In a stunning disaster movie scene, a huge sandstorm, about 100 meters high, engulfed gardens, homes and buildings in Dunhuang, on the edge of the Gobi Desert in northwest China.
A majestic brown cloud enveloped Dunhuang City, famous for its rich history and located along the ancient Silk Road in Gansu Province.
A sandstorm covered the city in 5 minutes
A resident told local channel Jimo News that a huge sandstorm suddenly blew up and covered the city in just five or six minutes.
“I can no longer see the sun,” he said, stressing that Dunhuang had not witnessed such a phenomenon for several years.
“At first I found myself surrounded by yellow dust because of the sandstorm, then it turned red and eventually black,” he added.
Dunhuang is best known for its Mogao Caves, a group of Buddhist temples and wall paintings, and a UNESCO World Heritage Site.
Read also: Strong storm kills 21 runners during marathon in China
Sandstorms are common in the region in spring, but rare in summer, the China News Service said.
Typhoon “N-Fa” in China
China’s Shanghai business district and adjacent coastal areas canceled all flights, slowed or suspended subway service and closed shops as Typhoon N-Fa made landfall last Sunday.
China Broadcasting Corporation reported that the typhoon had reached Putuo District in Zhoushan City, a major port in Zhejiang Province, on the east coast.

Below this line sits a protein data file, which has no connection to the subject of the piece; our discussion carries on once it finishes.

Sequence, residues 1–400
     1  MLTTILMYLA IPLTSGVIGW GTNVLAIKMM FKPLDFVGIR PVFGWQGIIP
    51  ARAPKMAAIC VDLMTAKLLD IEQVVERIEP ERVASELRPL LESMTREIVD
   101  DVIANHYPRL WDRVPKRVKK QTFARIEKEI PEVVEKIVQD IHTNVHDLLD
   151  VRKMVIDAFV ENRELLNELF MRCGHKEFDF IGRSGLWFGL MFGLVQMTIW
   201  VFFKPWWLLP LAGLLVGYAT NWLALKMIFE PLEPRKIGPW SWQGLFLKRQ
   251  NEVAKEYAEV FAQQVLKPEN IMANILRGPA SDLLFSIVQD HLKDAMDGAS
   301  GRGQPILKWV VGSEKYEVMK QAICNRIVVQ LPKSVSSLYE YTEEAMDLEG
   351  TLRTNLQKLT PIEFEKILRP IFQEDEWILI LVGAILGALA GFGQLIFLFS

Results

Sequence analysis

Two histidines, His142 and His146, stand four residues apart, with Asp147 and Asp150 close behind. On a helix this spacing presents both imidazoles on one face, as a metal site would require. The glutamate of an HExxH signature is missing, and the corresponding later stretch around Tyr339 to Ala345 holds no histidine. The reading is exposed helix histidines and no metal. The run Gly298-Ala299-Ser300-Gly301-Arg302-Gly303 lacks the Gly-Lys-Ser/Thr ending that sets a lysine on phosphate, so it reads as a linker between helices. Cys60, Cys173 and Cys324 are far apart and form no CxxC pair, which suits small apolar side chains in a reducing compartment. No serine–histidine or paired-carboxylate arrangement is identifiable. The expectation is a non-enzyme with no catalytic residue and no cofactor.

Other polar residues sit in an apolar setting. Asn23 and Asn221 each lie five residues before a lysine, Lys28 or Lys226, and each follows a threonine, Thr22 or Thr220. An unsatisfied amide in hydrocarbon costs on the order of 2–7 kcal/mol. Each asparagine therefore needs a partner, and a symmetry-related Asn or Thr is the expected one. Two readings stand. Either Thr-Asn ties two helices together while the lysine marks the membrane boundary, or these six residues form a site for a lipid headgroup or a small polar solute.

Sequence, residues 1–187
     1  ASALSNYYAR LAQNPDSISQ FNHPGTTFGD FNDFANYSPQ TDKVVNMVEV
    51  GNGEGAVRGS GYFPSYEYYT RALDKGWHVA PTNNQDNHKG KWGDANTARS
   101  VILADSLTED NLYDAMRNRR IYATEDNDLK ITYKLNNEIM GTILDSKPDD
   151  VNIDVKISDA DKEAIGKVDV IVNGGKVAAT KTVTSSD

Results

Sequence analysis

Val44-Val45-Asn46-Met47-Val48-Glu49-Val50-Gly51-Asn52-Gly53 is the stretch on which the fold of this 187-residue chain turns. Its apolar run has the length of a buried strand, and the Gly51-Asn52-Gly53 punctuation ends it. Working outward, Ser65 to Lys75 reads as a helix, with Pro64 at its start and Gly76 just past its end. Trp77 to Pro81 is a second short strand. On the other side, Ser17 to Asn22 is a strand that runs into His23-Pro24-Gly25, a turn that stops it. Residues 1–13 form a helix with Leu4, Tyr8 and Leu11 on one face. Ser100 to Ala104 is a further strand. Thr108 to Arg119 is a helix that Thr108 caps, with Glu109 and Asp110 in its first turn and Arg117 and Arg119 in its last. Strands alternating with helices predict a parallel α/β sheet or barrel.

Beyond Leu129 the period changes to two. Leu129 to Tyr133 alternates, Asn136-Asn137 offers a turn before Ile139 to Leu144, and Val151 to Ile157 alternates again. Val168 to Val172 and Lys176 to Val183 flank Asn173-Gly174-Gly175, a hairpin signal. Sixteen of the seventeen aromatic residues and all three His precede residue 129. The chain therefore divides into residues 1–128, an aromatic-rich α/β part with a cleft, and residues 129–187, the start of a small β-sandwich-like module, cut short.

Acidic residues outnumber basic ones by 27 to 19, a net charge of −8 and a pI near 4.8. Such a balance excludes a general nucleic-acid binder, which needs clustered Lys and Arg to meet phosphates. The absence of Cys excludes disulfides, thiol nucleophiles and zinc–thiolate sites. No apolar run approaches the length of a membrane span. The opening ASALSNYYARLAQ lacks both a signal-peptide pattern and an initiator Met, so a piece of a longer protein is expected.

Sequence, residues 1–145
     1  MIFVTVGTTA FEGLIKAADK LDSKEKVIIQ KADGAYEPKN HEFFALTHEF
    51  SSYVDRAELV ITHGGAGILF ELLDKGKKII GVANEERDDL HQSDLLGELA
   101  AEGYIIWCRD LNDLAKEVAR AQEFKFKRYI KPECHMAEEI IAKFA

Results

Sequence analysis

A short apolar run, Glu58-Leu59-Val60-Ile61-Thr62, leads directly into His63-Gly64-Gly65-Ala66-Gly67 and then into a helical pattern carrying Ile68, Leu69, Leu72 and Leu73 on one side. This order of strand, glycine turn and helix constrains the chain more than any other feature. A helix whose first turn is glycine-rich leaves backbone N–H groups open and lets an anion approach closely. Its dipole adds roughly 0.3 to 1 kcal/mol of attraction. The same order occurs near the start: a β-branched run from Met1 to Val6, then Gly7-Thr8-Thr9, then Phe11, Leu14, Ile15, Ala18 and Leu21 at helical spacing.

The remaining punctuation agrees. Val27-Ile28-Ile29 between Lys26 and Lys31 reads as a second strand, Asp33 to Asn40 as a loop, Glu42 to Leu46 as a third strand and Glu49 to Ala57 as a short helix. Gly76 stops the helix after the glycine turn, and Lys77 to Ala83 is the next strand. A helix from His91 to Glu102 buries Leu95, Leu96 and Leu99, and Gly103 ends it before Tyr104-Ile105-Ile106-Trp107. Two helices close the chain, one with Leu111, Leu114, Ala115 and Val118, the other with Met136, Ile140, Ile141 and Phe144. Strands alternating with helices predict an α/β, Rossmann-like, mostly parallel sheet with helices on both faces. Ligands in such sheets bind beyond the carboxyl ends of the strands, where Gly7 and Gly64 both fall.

This comes at a time when the central region of China is still suffering from the repercussions of massive floods that have killed at least 58 Prime Time Zone, cut off electricity and displaced more than one million Prime Time Zone.
The Meteorological Department said – earlier – that the hurricane was moving at a speed of 15 kilometers per hour.
She added that the wind speed in the hurricane was 38 meters per second. According to Reuters calculations, that equates to about 137 kilometers per hour.
Shanghai – with a population of about 26 million Prime Time Zone – and Hangzhou to the south, canceled flights from Saturday, and many train services were suspended in the region.
And the floods in the central Chinese city of Zhengzhou – last week – killed 12 Prime Time Zone after they were trapped in the subway network.
And in Henan Province, where unprecedented flooding this week killed at least 58 Prime Time Zone, authorities continue to work to remove car bodies and debris from roads to reopen them.
More than 495,000 Prime Time Zone were evacuated, according to the Henan government, as the floods caused billions of dollars in damages.
The China Meteorological Agency expects the typhoon to ease over land, but it will bring heavy rains for days in eastern China, including in flooded areas.
The Bureau of Meteorology said, “Extreme caution must be exercised and disasters that may result from extreme rains associated with N-Fa should be prevented.”
China usually witnesses a rainy season, but record rains in Henan have raised doubts about the ability of Chinese cities to cope with these climatic phenomena, which experts expect will increase in frequency and intensity due to climate change.
Henan Province – like most parts of China – includes rivers, dams and reservoirs, many of which were erected decades ago in order to contain the flow of water and irrigate agricultural areas, but its construction dates back to decades, while the continuous urbanization of the city puts pressure on the drainage systems.
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